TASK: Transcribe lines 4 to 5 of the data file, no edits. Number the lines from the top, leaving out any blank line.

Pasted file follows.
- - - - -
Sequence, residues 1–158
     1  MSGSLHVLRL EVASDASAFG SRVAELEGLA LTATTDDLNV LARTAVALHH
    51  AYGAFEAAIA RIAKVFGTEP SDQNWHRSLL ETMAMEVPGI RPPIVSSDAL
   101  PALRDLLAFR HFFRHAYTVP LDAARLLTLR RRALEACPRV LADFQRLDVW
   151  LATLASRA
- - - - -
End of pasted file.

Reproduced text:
   101  PALRDLLAFR HFFRHAYTVP LDAARLLTLR RRALEACPRV LADFQRLDVW
   151  LATLASRA